Lockdown: an extension may not even be legal
A court may have to determine whether the means (the lockdown) are reasonably capable of achieving its intention (to save lives by curbing the spread of the virus)
At this point, more than two-thirds of SA’s unprecedented Covid-19 lockdown is behind us. If the daily infection numbers are anything to go by, measures to enforce social distancing are working. Two weeks ago, health minister Zweli Mkhize warned that a celebration would be premature since we may be just experiencing the calm before the storm.
Then, on the eve of Good Friday, president Cyril Ramaphosa announced the lockdown would continue for another two weeks despite the apparent drop in confirmed cases in recent weeks. Ramaphosa justified his decision by referring to the global increase in infections and the fact that more developed countries are failing to deal with the spread of the virus.
But even if we assume that this extension was a lawful exercise of power by the state, the lockdown must surely come to end after the additional 14 days. So, does the state have an exit plan?
Strictly speaking, under the Disaster Management Act, a national disaster is not limited to a defined time limit like, say, a state of emergency, which usually only applies for 21-days.
Instead, a declaration of a national disaster remains valid for three months -though it can be extended by the executive on a month-to-month basis, for as long as the country is gripped with the crisis.
And, experts warn, Covid-19 could be around for months, if not years (depending on various factors, like whether a vaccine is found). The bottom line is: this national state of disaster could be around for a long time.
Does this mean that we could be locked down for months to come? Well, here’s a lawyer’s response: maybe.
There are two possible scenarios, if additional quarantine measures are deemed necessary: first, another extended lockdown; or second, the lockdown ends, but is reinstituted in future.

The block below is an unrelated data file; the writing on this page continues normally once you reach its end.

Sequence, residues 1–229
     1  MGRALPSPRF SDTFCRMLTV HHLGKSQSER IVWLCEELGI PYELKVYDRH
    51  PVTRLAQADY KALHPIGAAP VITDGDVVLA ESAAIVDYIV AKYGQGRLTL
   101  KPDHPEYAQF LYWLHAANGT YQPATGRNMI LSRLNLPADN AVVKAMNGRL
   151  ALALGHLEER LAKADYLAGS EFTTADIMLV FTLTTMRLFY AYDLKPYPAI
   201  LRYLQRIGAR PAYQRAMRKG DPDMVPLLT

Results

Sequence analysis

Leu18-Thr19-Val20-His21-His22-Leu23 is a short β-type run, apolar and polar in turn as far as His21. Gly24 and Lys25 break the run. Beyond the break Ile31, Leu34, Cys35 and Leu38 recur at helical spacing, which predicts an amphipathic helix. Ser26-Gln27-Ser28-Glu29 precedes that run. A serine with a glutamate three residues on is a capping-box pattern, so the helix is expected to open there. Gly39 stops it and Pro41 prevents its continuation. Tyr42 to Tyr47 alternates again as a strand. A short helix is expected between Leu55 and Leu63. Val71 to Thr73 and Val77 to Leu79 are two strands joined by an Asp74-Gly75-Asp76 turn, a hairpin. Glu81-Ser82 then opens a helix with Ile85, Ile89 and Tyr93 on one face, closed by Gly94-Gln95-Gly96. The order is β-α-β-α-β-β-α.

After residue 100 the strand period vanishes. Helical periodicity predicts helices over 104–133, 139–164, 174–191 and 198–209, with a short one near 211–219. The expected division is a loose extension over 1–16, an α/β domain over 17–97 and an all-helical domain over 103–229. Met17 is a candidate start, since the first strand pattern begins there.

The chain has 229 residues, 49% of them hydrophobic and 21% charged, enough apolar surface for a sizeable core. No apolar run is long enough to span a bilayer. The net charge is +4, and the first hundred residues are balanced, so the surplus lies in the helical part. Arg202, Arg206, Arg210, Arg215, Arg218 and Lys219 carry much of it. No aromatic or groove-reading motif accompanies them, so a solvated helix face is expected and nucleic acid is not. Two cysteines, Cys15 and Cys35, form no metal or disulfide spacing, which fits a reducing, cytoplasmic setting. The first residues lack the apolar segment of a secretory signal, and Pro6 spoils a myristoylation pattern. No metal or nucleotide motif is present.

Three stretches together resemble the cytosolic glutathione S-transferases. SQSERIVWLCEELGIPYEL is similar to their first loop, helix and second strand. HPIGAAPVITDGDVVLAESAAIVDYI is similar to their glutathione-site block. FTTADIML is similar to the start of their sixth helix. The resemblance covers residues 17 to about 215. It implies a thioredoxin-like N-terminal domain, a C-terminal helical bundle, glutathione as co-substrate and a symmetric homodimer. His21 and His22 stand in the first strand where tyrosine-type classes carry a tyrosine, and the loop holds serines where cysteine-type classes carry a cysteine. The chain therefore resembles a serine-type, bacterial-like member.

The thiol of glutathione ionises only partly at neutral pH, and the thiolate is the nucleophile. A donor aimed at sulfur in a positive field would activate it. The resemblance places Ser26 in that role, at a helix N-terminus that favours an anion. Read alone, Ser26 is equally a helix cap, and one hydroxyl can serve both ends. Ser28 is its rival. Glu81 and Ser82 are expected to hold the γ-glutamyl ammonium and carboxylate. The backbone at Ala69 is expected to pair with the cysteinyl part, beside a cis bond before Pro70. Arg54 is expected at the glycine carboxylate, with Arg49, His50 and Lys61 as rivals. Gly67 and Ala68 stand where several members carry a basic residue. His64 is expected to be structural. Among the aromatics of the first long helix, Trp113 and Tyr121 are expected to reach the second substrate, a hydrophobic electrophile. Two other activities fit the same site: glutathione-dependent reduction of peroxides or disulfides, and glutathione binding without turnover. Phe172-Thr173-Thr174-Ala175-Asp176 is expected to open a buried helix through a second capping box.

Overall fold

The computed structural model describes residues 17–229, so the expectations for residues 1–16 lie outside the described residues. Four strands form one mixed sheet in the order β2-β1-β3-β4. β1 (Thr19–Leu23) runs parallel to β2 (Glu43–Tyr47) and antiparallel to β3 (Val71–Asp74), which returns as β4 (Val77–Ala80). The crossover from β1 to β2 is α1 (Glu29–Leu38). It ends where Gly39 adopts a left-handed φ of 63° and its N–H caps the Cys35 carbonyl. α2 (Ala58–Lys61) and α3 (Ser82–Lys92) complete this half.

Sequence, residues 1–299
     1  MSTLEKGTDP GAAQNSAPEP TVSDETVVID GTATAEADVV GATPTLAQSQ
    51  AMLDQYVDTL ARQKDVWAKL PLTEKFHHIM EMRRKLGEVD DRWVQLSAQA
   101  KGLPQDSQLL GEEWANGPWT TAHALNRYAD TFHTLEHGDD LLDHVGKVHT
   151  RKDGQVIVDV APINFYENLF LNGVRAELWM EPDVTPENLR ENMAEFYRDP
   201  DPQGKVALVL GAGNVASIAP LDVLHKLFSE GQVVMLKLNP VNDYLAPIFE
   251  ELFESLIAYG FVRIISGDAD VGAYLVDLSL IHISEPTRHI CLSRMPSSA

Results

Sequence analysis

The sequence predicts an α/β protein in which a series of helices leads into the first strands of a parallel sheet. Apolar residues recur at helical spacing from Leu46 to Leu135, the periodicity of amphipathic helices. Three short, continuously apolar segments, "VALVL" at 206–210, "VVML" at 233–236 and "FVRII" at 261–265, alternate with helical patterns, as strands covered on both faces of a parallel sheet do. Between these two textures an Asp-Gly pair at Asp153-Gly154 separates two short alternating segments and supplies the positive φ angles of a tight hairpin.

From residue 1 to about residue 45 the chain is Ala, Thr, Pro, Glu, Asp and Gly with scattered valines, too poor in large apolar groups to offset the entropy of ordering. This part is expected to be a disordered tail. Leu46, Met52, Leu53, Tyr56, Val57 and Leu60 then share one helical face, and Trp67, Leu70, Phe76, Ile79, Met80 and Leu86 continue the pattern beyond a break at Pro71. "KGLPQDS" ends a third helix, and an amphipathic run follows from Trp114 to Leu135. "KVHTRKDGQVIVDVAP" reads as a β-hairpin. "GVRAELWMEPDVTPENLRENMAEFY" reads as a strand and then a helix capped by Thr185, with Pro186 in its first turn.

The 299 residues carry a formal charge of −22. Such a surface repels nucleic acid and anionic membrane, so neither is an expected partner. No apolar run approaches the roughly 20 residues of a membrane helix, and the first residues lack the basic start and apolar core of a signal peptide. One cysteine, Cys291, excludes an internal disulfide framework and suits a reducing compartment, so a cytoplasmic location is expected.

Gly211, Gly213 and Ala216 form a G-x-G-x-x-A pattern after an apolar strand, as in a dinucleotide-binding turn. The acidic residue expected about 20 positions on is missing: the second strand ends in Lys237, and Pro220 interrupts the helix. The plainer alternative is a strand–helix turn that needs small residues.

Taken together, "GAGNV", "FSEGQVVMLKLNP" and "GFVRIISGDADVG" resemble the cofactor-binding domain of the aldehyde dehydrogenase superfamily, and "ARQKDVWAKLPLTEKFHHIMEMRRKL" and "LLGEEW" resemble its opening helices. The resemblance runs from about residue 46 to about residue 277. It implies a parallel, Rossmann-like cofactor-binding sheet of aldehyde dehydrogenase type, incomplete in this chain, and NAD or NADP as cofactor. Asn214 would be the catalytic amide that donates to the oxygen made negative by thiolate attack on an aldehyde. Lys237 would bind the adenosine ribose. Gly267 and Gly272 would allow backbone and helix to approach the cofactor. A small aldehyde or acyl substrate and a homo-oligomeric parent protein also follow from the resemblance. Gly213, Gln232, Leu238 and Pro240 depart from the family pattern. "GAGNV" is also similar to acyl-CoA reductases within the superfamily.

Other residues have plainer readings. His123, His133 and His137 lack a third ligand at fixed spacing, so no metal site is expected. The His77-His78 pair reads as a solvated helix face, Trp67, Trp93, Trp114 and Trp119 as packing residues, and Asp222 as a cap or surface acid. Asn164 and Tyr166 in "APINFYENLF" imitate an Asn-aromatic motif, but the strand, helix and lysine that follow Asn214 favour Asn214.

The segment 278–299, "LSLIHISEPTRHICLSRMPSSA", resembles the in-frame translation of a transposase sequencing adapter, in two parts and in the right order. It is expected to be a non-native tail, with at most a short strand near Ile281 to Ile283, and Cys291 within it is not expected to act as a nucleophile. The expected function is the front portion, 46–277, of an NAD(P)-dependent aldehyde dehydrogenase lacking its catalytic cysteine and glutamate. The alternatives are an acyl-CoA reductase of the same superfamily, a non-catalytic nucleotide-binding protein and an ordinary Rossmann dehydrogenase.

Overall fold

Under the current regulations, the lockdown confines people to their homes, unless they are buying food or essential goods; collecting a social grant or pension; or seeking medical attention. It’s a restriction of the civil liberties enshrined in the constitution, including the right to freedom of movement, the right to trade, and right to practice your religion.
It’s clear the state is trying to protect lives, and the executive could argue that the lockdown safeguards the right to life. Which seems reasonable, since the Constitutional Court has held that the right to life is the most important of all the human rights. There can be no nobler exercise of state power.
And yet, degrees of nobility are not the criteria against which the limitation of civil rights should be measured. Rather, what is required is to test the measures taken to preserve life against the other rights that are diminished, through the clause in the constitution that allows for rights to be limited. Any such analysis must look at whether limiting those rights is a proportional response.